“At what point during our campaign should our Quiet Phase end and our Public Phase begin?”
The universal answer to this common question is some percentage of the total campaign fundraising goal. For instance, “you should never go public before hitting 60 or 70% of your goal.”
But, this type of cookie-cutter response isn’t a good fit for most institutions. There are many institution-specific variables that must be considered before responding to this important timing question.
Consider: How sophisticated and effective is the current advancement program? What is the longevity of advancement leaders and personnel? Does the institution have a recent history of successful campaigns? Is the emerging major donor pipeline robust and engaged? These, and other questions will help any individual institution better refine its answer to the “when to go public” question.
But there is another way to frame a response to this question.
Simply stated, a campaign is ready to move from the Quiet Phase to the Public Phase when the pool of identified major donor prospects has been saturated.
In qualitative research, the “point of saturation” is reached when the researcher begins to hear or notice the same themes repeatedly. Despite interviewing or observing more study participants, there are no new understandings, no new patterns, no new perspectives or ideas emerging. Basically, saturation is the point of diminishing (or no) returns.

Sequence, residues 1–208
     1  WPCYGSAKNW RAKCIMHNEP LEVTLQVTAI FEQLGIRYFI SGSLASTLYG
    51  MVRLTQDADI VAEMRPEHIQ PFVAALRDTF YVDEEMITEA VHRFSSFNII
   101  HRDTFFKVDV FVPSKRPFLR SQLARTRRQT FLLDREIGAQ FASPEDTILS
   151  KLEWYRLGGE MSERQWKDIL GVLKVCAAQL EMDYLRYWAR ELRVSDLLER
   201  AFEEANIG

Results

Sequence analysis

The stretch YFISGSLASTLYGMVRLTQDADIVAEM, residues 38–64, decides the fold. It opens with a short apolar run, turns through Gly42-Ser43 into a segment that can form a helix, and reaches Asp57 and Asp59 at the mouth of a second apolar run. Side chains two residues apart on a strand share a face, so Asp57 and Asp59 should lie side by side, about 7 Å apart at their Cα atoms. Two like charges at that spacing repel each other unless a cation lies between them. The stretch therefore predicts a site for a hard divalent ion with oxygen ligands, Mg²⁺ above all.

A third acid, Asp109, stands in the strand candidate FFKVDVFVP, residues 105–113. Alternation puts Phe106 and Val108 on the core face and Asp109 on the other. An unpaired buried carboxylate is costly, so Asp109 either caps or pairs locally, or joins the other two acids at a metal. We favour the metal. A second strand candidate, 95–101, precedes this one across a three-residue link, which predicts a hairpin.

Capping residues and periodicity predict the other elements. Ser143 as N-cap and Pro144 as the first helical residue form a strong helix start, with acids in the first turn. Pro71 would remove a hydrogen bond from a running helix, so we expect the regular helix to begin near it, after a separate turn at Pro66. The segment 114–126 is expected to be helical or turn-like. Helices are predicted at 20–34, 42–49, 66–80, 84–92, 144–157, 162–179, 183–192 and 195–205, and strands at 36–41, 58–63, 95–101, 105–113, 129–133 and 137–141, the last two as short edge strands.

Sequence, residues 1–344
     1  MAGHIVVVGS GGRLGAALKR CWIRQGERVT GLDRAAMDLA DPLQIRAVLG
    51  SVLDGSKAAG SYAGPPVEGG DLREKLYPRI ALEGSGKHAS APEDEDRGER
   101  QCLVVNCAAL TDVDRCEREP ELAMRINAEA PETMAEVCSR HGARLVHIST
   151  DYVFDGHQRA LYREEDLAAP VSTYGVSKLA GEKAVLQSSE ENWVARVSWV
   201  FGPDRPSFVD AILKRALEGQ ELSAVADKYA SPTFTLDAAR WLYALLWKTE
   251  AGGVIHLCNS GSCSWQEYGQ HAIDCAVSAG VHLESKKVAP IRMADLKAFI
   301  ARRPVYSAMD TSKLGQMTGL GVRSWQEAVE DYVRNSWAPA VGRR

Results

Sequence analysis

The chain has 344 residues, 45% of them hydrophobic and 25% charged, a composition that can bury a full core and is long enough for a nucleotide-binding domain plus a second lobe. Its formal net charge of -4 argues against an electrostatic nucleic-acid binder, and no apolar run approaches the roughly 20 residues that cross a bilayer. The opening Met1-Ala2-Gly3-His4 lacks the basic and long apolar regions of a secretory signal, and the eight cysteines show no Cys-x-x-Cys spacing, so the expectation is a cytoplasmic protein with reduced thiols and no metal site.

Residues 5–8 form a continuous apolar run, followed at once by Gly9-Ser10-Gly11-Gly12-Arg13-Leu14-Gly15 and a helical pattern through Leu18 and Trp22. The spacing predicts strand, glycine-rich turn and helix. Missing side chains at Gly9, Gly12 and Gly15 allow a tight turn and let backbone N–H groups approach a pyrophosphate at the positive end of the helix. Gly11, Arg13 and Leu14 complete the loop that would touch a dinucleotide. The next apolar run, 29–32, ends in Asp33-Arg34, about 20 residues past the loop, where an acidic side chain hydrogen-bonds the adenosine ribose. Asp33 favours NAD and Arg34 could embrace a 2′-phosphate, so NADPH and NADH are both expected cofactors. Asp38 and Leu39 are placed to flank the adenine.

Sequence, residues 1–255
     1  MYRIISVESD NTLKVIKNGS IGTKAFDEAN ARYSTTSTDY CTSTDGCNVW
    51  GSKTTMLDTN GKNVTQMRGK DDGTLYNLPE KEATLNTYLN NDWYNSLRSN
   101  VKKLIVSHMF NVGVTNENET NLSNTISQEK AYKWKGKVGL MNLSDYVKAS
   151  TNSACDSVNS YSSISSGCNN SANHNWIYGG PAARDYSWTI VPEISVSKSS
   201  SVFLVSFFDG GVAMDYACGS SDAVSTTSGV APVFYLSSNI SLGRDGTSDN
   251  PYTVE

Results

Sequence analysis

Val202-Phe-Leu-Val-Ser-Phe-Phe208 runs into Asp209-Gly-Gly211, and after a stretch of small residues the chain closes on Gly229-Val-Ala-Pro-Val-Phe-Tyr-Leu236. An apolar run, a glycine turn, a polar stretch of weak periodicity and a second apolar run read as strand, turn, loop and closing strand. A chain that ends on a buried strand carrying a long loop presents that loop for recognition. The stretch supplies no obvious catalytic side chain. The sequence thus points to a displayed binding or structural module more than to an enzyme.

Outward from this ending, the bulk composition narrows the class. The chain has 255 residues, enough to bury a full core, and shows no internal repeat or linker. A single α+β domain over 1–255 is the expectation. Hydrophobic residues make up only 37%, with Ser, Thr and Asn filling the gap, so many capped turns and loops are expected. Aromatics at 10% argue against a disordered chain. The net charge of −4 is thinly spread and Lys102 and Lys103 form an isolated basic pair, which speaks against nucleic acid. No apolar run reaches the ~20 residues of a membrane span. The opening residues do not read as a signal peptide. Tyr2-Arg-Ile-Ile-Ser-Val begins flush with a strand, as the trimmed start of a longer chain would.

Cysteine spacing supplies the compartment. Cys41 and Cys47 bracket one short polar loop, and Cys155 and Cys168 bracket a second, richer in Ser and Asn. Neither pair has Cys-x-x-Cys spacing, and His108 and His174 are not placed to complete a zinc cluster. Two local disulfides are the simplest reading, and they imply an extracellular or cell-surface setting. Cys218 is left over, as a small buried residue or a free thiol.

If the Quiet Phase is the period of time during a campaign to educate, engage, and invite gifts from our most capable and generous donors, it makes sense that the Quiet Phase is concluded when that work is completed. When we saturate our known pool of major gifts prospects and donors with thoughtful invitations to give and they have responded, we can confidently move to the campaign’s Public Phase.
Do the Quiet Phase work and our major donors will tell us when it’s time to go public. It’s the point of diminishing returns – the major gifts’ saturation point.